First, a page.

Base Building and Stocks Coming out of a Base: The base of a stock is built when a stock trades in a tight price range and the price chart subsequently creates a flat looking display or a saucer.
This base generally acts as a springboard from which a stock’s price can bounce higher. Typically, a stock’s base building period lasts 8 to 12 weeks, although there are many cases of this period being shorter as well as longer.
While in a period of basing, pent up demand for the stock will be building, and if the base is properly formed, the stock will break out of its base and the price will rise above its recent range.
If the breakout occurs on large volume, that is very positive and oftentimes, it will be the beginning of an upward move.
Moving Average: A widely used indicator in technical analysis that helps smooth out price action, by filtering out the “noise” from random price fluctuations.
A moving average (MA) is a trend-following or lagging indicator because it is based on past prices.
The two basic and commonly used MAs are:
- The simple moving average (SMA), which is the simple average of a security over a defined number of time periods.
- The exponential moving average (EMA), which gives bigger weight to more recent prices.
The most common applications of MAs are to identify the trend direction and to determine support and resistance levels. While MAs are useful enough on their own, they also form the basis for other indicators such as the Moving Average Convergence Divergence (MACD).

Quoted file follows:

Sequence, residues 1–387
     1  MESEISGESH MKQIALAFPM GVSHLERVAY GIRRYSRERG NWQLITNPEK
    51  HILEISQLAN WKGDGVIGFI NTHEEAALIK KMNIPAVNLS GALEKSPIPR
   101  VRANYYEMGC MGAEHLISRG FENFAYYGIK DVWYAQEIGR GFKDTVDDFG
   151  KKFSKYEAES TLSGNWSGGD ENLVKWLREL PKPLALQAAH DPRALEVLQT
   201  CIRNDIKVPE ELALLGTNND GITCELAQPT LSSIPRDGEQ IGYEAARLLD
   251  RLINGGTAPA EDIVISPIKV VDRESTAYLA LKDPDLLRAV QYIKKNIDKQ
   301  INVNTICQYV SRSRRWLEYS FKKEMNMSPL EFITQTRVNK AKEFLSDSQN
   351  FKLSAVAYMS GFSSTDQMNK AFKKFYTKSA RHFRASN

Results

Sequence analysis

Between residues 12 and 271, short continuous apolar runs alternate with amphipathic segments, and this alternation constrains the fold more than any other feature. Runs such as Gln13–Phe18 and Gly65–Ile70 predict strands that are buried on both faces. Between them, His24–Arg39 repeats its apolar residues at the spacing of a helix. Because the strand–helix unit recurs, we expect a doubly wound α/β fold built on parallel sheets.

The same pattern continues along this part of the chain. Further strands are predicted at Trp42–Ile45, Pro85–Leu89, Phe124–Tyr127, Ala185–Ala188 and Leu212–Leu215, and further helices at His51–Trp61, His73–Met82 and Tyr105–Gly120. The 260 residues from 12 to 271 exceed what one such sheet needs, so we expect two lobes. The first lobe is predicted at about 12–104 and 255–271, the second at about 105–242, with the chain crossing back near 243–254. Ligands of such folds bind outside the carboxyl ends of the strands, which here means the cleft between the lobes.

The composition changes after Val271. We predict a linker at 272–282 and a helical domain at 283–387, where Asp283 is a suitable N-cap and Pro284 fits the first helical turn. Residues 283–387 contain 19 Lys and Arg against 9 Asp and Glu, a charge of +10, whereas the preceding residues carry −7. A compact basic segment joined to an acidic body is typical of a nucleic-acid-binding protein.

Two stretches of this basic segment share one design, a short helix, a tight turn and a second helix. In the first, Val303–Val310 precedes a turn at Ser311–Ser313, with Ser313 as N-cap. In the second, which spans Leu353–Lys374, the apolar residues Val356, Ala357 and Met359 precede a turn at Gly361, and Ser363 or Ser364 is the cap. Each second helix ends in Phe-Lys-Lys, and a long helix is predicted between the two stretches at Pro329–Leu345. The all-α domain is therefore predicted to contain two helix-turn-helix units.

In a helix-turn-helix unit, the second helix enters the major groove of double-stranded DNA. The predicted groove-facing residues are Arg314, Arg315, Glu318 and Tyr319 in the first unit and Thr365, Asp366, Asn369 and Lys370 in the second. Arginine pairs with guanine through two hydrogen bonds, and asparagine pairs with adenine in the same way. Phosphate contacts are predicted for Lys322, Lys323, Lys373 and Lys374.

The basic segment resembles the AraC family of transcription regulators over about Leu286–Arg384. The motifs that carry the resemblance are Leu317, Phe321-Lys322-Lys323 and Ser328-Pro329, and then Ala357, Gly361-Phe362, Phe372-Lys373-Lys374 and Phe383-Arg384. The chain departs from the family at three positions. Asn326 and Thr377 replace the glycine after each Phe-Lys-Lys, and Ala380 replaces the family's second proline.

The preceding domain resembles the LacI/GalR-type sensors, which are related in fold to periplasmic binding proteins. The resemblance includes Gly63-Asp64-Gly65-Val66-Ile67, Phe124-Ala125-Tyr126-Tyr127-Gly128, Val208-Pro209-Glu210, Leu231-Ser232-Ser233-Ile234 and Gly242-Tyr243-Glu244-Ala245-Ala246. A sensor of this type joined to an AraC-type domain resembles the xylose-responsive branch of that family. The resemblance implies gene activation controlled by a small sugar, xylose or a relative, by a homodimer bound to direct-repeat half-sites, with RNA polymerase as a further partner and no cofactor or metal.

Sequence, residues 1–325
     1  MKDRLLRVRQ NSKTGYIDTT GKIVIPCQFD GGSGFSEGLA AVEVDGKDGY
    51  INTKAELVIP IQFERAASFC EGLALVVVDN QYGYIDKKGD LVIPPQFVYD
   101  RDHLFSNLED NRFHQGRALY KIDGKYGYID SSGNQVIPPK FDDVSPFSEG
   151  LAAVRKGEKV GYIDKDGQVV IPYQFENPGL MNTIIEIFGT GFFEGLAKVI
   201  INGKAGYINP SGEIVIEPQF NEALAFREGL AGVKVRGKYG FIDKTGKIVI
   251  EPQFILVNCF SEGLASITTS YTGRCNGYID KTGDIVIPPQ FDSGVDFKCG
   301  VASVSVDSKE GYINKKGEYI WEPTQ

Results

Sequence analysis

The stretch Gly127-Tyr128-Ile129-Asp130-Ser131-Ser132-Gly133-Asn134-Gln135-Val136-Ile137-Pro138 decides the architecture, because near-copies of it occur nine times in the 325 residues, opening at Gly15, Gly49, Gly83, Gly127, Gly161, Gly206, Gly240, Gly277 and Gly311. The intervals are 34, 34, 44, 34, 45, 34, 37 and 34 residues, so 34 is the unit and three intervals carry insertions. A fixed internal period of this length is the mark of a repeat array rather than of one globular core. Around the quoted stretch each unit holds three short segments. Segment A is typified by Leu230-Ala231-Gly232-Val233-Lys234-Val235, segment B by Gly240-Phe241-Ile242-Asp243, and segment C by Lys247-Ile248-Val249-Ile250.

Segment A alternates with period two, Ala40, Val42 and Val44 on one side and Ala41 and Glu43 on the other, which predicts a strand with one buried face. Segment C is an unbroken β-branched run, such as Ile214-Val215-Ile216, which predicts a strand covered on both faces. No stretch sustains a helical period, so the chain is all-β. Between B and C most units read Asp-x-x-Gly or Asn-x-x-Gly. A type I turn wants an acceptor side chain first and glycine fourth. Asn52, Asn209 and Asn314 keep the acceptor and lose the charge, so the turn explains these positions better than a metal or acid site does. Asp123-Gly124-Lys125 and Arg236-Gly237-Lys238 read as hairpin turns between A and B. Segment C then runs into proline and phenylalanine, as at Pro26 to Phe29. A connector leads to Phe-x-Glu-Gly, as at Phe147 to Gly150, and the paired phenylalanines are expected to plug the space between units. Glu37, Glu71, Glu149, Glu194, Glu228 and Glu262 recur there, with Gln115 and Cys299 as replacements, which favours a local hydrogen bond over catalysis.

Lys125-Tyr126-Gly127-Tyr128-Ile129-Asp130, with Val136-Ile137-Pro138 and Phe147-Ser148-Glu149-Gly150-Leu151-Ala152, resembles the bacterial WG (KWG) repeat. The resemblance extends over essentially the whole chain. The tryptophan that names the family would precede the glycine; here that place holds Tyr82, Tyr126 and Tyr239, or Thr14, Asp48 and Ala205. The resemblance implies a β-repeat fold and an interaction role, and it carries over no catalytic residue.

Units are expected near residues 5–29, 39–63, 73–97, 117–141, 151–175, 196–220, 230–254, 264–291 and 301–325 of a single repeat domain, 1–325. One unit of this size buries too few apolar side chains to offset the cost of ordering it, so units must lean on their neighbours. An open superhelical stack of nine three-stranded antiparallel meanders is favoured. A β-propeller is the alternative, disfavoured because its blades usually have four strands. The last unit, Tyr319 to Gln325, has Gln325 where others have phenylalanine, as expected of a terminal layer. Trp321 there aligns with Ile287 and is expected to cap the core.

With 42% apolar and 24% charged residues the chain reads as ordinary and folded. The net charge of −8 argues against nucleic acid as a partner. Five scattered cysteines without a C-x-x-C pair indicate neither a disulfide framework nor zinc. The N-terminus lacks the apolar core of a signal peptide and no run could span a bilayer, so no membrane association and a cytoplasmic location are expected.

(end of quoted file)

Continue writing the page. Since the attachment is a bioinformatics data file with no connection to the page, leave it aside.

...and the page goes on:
Relative Strength: This is a rating that compares the performance of a stock to that of the overall market. Relative strength calculates which investments are the strongest performers compared to the overall market.
Relative Strength Line: The simplest way to compute relative strength is by taking a stock’s price and dividing it by the price of the S&P 500.
An increasing relative strength line tells us that a security is outperforming the S&P 500, while a dropping line tells us that it’s underperforming.
The key word here is “relative” — a rising relative strength line doesn’t mean that a stock is increasing in value. It only tells us that it’s outperforming the broad market.
Technical Analysis: This is a form of security analysis methodology for forecasting the direction of prices through the study of historical precedence of past market cycles and stock behavior.
Analysis uses the price history of a stock combined with tools, such as the moving average, relative strength and bases (all mentioned above) to help predict the future direction of a stock’s price.